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Even on the standard "South Climb" up Suksdorf Ridge, it's possible to take a long slide in the right conditions. In November two years ago, I watched a ski partner take a slide/tumble of nearly 1000 v.f. on low-angled boilerplate south of Pikers Peak. He was essentially unscathed, but it could have gone very differently. Even the friendliest of mountains can have uncompromising teeth.

 

I can only try to imagine how the son and family must feel this week. Many, many condolences.

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It's easy to do, I went up there one Winter and we skied wayyyyyy up the snowed in road to the Avalanche Glacier route. We bivied at the base whereupon it started to snow, despite the weatherfolks earlier predictions of a little weather, there was a lot of it. It snowed a couple feet or so in the next 2 or 3 days with the usual screaming winds so we hung out and waited, happy just to be out where things are real. Thinking anything named Avalanche glacier should be avoided after this kind of storm, it was still foggy and we were out of time as well, we finally gave up and skied out. Figuring it would just be a nice ski trip.

 

I had these shitty-assed no-edge cheapo cross country skis (light and phat) which were doing great in the deep snow...till I hit a wind blown patch which my smarter buddy had looked at and already decided to go way down/around and then back up. I figured a direct line was the best way to go and being lazy and or loving a challenge - I went for it. Hit the hard ice beyond the hardpack @ half way out of a steep slope and except for lots of luck: real bad things might have happened. Probably should have happened. There were a few little rocks I hit hard on the fall as I zinged down the slope, head first.... no helmet of course - but fortunately the bottom of this slope was the recent fluffy snow all piled up and it cushioned me as I whumped into it. A bit wiser, older, and more cautious.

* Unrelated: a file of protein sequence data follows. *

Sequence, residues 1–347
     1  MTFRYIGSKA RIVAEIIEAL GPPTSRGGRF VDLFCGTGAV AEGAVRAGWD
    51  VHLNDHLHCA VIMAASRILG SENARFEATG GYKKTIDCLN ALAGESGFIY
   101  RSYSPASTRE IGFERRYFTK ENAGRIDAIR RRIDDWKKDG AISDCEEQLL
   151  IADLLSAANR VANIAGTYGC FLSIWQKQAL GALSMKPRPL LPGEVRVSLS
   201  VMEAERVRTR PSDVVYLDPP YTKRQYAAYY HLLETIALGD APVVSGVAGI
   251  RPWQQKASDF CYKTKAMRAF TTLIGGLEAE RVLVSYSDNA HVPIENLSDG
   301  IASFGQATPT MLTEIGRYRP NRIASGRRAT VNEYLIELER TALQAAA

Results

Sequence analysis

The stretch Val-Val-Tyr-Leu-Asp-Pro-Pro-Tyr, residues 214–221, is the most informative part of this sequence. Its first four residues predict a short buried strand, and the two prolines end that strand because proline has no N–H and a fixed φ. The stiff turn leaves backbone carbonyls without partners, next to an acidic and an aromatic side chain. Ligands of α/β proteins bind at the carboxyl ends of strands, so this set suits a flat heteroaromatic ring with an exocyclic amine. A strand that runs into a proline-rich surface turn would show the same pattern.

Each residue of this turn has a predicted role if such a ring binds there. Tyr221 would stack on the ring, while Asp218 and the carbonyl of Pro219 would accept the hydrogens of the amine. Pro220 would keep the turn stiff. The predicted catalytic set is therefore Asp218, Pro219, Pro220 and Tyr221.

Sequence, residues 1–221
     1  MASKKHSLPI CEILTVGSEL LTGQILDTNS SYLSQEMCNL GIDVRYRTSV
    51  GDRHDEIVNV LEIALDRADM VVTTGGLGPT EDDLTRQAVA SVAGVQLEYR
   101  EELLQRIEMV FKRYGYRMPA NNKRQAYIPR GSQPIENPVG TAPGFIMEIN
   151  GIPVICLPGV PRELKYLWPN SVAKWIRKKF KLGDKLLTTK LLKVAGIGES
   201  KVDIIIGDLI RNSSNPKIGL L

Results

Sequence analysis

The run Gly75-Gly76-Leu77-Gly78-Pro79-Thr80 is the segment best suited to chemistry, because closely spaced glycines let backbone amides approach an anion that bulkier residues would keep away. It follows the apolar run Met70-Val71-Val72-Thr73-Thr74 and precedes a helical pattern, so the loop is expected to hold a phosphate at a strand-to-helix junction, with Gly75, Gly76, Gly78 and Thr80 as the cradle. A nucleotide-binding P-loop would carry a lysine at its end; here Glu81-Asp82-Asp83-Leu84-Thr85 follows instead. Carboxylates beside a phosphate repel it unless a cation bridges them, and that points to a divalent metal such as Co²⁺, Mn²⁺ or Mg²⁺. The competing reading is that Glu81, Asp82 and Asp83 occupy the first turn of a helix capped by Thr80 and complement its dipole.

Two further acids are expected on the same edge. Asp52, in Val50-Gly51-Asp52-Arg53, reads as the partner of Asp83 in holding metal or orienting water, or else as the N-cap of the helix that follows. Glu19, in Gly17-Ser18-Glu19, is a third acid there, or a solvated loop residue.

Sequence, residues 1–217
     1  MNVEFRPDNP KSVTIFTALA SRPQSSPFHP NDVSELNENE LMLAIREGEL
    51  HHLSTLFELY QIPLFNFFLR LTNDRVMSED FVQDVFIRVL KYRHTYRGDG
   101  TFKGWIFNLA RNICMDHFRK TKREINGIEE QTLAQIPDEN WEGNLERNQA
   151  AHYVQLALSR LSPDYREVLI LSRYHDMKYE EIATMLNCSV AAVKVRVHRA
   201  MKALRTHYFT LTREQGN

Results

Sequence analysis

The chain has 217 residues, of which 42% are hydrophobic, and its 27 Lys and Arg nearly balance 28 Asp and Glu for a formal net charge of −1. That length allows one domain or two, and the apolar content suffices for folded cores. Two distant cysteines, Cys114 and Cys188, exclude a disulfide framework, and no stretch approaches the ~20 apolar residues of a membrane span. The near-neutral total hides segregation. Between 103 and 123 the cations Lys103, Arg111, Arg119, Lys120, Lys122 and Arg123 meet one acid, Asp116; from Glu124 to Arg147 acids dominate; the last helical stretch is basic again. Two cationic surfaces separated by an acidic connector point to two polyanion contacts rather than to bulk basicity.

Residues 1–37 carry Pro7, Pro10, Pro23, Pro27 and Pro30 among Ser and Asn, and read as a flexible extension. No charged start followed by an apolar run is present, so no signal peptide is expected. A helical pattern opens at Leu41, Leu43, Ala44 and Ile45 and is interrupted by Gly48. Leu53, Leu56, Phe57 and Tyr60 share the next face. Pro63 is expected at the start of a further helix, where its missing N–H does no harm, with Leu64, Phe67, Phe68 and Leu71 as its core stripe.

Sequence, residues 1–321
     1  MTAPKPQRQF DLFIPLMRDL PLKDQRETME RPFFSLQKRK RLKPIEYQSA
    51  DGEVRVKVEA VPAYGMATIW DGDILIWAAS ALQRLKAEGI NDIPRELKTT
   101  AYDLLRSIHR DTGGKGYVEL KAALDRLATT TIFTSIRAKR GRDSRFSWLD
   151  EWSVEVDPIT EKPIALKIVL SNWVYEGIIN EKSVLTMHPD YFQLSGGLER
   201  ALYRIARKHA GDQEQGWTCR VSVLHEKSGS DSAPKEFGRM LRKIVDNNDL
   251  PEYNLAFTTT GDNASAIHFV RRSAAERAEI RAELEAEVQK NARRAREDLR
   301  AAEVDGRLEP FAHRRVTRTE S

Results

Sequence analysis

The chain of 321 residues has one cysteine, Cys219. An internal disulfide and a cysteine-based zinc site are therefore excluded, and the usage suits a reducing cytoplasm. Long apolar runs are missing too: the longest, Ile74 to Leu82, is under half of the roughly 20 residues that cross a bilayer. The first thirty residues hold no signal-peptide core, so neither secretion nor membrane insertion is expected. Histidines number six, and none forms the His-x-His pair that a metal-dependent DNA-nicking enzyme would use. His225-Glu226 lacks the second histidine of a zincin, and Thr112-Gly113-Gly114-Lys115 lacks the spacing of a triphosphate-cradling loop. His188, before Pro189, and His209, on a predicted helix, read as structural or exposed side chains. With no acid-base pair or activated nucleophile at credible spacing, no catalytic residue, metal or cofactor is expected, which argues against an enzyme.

It can happen to anyone. From the news stories, this accident sounded especially tough on the son, and my heart goes out to them all.

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Many climbers are turning right too early after summitting especially in bad conditions and descending the SW chutes which are very steep 45 degrees. This can be dangerous if not careful especially if think it's South route and begin to glissade or don't self arrest in a fall. I feel they should have a warning at ranger station and in description of climb. 

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So did he get caught in a avalanche, or took a slide down the SW chute? I thought I read early on it was a avalanche. Been up Adams several times.  Always fun trips. Many sad stories from this mountain

Edited by steelhead253

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Two options what might have happened: took a fall or uncontrollable glissading. Yakima Sheriff’s report:

3682AB21-ECCA-4DC2-8B73-8E345BE96A3A.jpeg

Edited by Peter Bielek